A public officer thus is prohibited from having employment or a contractual relationship with an agency subject to the regulation of or doing business with his public agency, or which creates a continuing or recurrent conflict with his public duties.
The above-quoted provision of the interlocal agreement clearly states that the position of fire protection and rescue employee is within the county personnel and pay plans. The actual hiring of an individual to fill the position, however, is not entirely clear within the terms of the agreement.
In a letter dated December 28, 1976, you advise that upon speaking with Ms. Pat Jamerson, Director of Emergency Services, Alachua County, you ascertained that the local fire chief submits to Ms. Jamerson his recommendation for the person to fill the position of fire protection and rescue employee. The qualifications for said position are promulgated by the Alachua County Firefighters Association, and if the individual recommended by the local fire chief meets those training qualifications, he is hired by the county to fill the city position.
You further advise in your most recent correspondence that s. 4, Art. III, of the city's charter provides as follows:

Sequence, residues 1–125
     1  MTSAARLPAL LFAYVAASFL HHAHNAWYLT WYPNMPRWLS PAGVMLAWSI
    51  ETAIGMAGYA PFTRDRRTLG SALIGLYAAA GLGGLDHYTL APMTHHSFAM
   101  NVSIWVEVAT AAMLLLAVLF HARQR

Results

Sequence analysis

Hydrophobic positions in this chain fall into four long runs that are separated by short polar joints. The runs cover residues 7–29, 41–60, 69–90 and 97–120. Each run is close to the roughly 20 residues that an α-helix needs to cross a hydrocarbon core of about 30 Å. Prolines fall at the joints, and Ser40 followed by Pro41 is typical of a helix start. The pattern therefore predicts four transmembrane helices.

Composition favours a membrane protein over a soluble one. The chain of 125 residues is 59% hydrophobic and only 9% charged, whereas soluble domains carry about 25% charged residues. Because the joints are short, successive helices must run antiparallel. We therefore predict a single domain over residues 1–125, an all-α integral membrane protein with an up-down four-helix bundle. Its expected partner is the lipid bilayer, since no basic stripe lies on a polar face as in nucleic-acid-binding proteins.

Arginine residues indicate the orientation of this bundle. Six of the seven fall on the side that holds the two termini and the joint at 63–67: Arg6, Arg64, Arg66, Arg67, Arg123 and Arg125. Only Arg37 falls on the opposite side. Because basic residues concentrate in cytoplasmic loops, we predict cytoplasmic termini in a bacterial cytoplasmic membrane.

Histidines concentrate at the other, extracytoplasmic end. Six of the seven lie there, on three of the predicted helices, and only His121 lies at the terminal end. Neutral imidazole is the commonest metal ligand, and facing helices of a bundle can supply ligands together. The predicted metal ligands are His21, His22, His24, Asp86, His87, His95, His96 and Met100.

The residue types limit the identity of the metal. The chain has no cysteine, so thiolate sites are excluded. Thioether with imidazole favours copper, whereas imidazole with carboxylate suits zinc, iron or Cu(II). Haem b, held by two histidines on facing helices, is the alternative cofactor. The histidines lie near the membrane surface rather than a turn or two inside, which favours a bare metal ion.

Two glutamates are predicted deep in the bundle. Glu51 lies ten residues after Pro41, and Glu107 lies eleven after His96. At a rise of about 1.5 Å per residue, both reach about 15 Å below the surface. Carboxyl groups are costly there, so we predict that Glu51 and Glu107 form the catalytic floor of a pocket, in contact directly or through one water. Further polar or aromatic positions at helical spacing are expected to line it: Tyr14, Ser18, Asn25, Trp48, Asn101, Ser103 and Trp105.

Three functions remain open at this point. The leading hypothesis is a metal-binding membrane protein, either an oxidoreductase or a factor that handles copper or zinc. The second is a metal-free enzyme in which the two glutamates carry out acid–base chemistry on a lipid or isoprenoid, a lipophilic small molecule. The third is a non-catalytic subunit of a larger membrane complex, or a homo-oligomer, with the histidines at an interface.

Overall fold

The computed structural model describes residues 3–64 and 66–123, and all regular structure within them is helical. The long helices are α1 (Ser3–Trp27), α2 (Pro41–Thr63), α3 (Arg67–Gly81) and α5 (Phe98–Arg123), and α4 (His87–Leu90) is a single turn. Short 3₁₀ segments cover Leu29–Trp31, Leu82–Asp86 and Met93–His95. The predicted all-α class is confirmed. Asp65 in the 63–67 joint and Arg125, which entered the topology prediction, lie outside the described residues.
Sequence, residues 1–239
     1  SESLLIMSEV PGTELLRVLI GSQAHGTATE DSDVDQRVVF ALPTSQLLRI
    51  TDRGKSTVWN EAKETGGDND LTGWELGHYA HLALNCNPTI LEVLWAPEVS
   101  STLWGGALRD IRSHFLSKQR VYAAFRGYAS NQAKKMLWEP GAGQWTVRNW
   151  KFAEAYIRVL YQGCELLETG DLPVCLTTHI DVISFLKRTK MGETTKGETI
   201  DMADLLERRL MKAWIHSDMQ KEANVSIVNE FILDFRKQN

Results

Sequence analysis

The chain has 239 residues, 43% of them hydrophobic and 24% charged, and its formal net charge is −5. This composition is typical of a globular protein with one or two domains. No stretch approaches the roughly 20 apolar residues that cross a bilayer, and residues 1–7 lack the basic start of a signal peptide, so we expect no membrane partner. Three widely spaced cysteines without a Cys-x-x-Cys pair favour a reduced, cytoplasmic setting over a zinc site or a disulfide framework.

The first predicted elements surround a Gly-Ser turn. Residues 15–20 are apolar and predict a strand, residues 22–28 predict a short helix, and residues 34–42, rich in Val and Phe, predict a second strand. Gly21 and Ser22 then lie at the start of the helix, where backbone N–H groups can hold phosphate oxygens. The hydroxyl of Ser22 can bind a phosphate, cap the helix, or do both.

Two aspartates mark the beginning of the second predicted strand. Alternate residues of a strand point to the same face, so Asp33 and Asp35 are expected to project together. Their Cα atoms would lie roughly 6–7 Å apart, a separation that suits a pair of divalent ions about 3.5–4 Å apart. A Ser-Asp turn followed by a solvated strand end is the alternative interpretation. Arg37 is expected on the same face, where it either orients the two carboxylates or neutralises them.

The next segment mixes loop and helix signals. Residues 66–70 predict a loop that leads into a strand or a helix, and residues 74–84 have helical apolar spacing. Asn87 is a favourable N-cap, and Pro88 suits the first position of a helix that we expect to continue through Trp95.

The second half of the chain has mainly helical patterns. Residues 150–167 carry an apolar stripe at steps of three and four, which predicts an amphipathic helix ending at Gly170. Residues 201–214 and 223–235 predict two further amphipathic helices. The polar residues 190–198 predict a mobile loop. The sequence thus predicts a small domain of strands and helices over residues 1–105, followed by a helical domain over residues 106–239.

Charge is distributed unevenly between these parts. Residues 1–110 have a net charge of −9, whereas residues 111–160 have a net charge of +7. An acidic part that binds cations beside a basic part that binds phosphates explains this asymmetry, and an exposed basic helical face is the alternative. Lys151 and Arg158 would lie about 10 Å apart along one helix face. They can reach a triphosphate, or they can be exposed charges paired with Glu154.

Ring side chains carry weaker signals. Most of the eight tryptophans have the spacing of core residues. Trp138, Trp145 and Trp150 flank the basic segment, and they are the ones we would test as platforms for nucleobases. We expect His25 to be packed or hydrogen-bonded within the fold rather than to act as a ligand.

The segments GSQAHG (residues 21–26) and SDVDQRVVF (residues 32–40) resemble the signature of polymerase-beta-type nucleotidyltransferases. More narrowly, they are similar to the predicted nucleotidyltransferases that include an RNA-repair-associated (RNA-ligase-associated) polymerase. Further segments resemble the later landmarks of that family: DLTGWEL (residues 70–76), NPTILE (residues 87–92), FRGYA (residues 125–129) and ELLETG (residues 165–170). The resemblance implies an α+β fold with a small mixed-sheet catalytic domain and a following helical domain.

. . . the Mayor shall have general supervision over all municipal affairs and municipal officers except the members of the City Council, and may examine into the condition of their offices, books, records and papers thereof and therein and in the manner of conducting their official business. He may call upon any official, clerk or deputy for information in relation to any matter pertaining to his office.
The mayor thus is the chief administrative officer of the city and, as such, supervises the operation of all municipal officers, including the fire chief, other than the city council. Where the mayor is employed as the fire protection and rescue employee of the city, he is in the unusual situation of being recommended for employment and supervised by the fire chief who, in turn, is supervised by the fire protection and rescue employee in his capacity as mayor. We deem this to constitute employment which creates a continuing conflict between private interests and the performance of public duties in violation of s. 112.313(7) quoted above. Too, although it is the county which technically hires the fire protection and rescue employee, in practicality he is supervised by and does work for the city. The mayor thus holds employment with an agency subject to the regulation of his own agency.
We have taken into account your explanation that the fire department is a volunteer organization which essentially acts autonomously, that the fire chief is elected by that organization, and that the mayor has never attempted to exercise control over either the fire chief or the fire department. In reaching our decision, however, we feel compelled to rely on provisions of the city charter and interlocal agreement and accordingly find that a prohibited conflict of interest exists where an elected mayor of a municipality is employed within that city as the designated fire and rescue employee under supervision of the fire chief who, in turn, is subject to supervision by the mayor.